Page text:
OK. For those of us in the USA, and for those abroad who have a vested interest in US politics, this is not exactly the easiest week to be prepping a sermon. If you’re not preaching in the US context, feel free to skip the next two paragraphs… but for those preachers in the USA, yeah. It’s gonna be tough. So I want to acknowledge your struggle for a moment.

The Statue of Liberty at sunset. Photo by the author.

After spurring followers on to violently attack the nation’s capital, the incumbent president gave a half-hearted attempt to reign in the domestic terrorists that he had initially encouraged. And after promising a peaceful transition of power, he seemed to encourage his followers to violence again when he announced that he would not be attending Biden’s inauguration (in other words, he told his followers that they could incite violence without fear of harming him). And now we’re at inauguration week. Between the time of this posting and the time of your preaching, there will have (hopefully!) been the inauguration of the oldest man ever to take the oath of office, as well as the only female and the only woman of color ever to hold one of the top two positions in the US government. Truly, this is an occasion to hold in historical and international esteem.

In this context, preachers are left with a sermon to prepare. What do we say that can be relevant to our people in these days? How do we walk the tightrope of preaching justice without getting fired for being “too political”? For those not situated in the USA, who do not have to walk the same tightrope this week, thank you for your prayers and solidarity with your American siblings who are, once again, at a loss. Separation of church and state was initiated so that the government could never impose a religion on the people, and yet the religion of “Christian nationalism” has infiltrated every denomination in the land. How is the preacher to respond?

Here’s where we can focus on the Scripture from the Revised Common Lectionary. In troubling times, that’s always the best place to turn. “I mean, brothers and sisters, the appointed time has grown short! … The present form of this world is passing away” (1 Cor 7:29a; 31b). In other words… Sunday is coming! So let’s work together to find the Gospel – the good news – for your people this week.

In Mark, we see Jesus calling the first disciples. Immediately, they left what they knew for a new calling! How is Jesus calling your community today? Is there a new mission that you’re being led to support? A new ministry that you can begin? A new way that you can represent Christ to the world?

The passage from Jonah reminds us that people can, in fact, turn from their unfaithful ways, and that the voice of a prophet can be extremely powerful! How is your community serving in a prophetic role? What message is God giving you to share with the people? This passage also reminds us of the grace of God and that even the Divine is willing to change plans when presented with new evidence. How has your understanding of God changed in the past year? Have you seen any evidence of God’s mind being changed?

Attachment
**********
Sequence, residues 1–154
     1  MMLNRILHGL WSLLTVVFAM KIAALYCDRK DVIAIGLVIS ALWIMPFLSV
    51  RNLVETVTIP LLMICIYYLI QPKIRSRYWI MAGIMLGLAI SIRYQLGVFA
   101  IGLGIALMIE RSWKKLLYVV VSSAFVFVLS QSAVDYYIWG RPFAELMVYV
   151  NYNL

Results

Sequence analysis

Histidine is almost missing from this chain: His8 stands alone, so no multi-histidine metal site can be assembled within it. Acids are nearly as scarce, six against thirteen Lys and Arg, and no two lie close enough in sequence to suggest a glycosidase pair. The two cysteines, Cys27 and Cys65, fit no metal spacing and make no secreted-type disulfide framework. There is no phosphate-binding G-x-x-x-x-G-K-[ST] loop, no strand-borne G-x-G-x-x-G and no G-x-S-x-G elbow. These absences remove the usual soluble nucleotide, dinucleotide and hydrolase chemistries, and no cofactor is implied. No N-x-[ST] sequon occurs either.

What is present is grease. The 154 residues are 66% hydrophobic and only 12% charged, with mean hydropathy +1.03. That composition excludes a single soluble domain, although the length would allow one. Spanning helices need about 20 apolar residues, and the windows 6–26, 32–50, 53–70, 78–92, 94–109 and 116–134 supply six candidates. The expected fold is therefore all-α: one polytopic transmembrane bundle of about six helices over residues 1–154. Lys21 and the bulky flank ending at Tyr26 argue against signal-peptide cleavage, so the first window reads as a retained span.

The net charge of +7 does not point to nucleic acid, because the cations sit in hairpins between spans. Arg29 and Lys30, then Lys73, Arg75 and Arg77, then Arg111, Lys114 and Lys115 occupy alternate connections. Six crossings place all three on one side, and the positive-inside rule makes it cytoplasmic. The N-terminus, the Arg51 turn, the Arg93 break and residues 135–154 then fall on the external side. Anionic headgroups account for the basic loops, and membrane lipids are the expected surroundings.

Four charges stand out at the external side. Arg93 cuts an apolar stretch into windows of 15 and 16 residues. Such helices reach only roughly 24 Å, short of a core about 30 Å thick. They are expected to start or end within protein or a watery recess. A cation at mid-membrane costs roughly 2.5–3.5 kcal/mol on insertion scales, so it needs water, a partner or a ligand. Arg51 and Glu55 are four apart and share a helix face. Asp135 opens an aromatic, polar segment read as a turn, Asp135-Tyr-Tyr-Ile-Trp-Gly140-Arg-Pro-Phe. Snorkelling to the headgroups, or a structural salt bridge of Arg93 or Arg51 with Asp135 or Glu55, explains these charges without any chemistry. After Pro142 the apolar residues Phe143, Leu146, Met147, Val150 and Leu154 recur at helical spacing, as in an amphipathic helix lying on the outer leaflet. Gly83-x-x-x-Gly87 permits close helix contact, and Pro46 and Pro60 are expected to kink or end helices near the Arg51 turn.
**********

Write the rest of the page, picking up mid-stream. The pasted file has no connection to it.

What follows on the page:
Psalm 62 describes God as a rock and a refuge. How does God comfort your community? How can you reflect God’s love by being a safe space for others? We are still in the season after Epiphany – a time that celebrates God’s presence among us. Where do you see God in your daily life, and how can you share that experience with your community?  

Wherever you are in your worship prep, share your questions and ideas below! Blessings to you in your ministry this week.


Katya Ouchakof is a hospital chaplain and paddlesports professional in Madison, WI (USA). She is missing in-person gatherings with her nephew and niece right now! In the meantime, Katya and her husband are slowly playing their way through the new board games they received as Christmas gifts.


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6 thoughts on “Revised Common Lectionary: Following God’s Call

  1. This is my first Sunday preaching at this church as a settled pastor – my first call! and what a set of texts they are to choose from! Jonah and Mark caught my imagination – using Jonah to share my own story of reluctance to listen to God’s call for me to go into pastoral ministry, and God’s patience as we (all of us) struggle to let go of what is getting in our way of saying “yes” to Jesus’s invitation to “follow me.” The first 4 disciples in Mark’s gospel dropped their fishing nets and followed – what did they leave behind? Did dropping their nets free them to use the same skills to work towards God’s kingdom? What skills (computer, teaching, singing, recording, sewing, cooking, knitting,???) do we each have that might be used differently so that we can go out “fishing” – serving, loving, building relationships – all to help to build God’s kin-dom on earth. say a gentle prayer of clarity of words and message for this my first Sunday with this community. What a year to learn out to pastor a church! 🙂

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